2. No salt: For the same reason we don’t need vinegar; we don’t need salt.
  3. Larger supplies: Depending on the size of your tumbler, you may want a larger baking sheet and oven than the toaster oven size I recommended earlier.

With your supplies in order, we can get into the fun part! Tumbling the brass.

Fill Your Tumbler With Brass, Water, and Cleaner

Fill your tumbler with all the ingredients. As for the quantity of each ingredient, it depends on the size of your tumbler. Check your tumbler’s user manual for exact quantities.

A great rule of thumb I use with ratios is one to one brass to water. If you have one quart of brass, use one quart of water. Additionally, if you have a five-liter bucket of brass, use five liters of water.

I just add a splash of dish soap. I’ve never measured the amount, but I estimate it’s about one tablespoon.

Tumble Your Brass

You can turn on your tumbler and begin the process. Everyday Carry Concealed recommends tumbling for one to two hours for a load of fewer than 500 casings, and two to three hours if your load is above 500 casings.

Once your brass has been tumbled for an adequate amount of time, follow the final three steps of the non-tumbler guide, steps 7-9, as detailed above.

Can You Clean Burnt Brass?

You can clean burnt brass. However, cleaning may not remove residue completely, and your end product may still contain burn marks. Thankfully, the burn marks left after cleaning burnt brass shouldn’t have a noticeable effect.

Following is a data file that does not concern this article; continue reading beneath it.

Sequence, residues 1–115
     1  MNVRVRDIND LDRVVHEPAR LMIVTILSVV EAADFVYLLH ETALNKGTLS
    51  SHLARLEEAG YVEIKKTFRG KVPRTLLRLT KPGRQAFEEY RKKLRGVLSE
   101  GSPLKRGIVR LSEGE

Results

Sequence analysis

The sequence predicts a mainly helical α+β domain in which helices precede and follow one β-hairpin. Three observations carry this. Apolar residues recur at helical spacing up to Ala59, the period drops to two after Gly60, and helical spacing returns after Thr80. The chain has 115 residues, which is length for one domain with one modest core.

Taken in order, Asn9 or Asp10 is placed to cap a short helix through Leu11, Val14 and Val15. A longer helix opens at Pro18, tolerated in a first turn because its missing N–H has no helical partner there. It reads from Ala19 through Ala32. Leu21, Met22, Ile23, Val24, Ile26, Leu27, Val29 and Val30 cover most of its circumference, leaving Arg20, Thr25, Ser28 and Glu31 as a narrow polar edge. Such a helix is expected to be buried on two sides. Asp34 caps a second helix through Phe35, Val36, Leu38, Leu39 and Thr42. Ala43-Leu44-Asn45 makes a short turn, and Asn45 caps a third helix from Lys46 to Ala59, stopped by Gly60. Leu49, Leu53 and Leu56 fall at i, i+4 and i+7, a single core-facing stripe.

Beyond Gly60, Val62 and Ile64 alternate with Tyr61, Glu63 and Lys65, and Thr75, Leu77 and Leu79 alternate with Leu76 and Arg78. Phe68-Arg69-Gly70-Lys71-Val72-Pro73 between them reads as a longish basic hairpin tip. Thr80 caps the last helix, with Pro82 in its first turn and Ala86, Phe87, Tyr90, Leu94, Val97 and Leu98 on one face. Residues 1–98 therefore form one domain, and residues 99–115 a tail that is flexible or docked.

What’s the Best Brass Polish for Reloading?

The best brass polish for reloading is Lemi Shine Dish Detergent Booster Powder. When it comes to getting shiny brass, you don’t need anything fancy. The reloading community proves Lemi Shine to be a gold standard for polishing brass.

If you don’t have any brass polish, I recommend picking up some of this type. I love how effective Lemi Shine is at polishing brass while also being cost-effective, as a little goes a long way.

Does Apple Cider Vinegar Clean Brass?

Apple cider vinegar does clean brass to similar cleaning results as white vinegar and most other kinds of vinegar. Ultimately, there’s no need to stress what type of vinegar you use to clean brass, as any type you have available will do.

Does Vinegar Harm Brass?

Vinegar can harm brass if you allow your reloading brass to soak in a vinegar mixture for an extended period. Vinegar’s potential to harm brass is why cleaning instructions only call for 30 minutes in the vinegar-based cleaning solution.

Three jars with apples floating while making homemade apple cider vinegar
Homemade apple cider vinegar

Final Thoughts

Reloading brass is a fun way to save a few bucks! Thankfully, the cleaning process of spent brass is also easy to follow. Whether you use a tumbler or not, cleaning your spent brass and reloading it for future uses is an exciting way to breathe new life into your shooting hobby.

For more, check out Cleaning Bullets | How To Do It Correctly.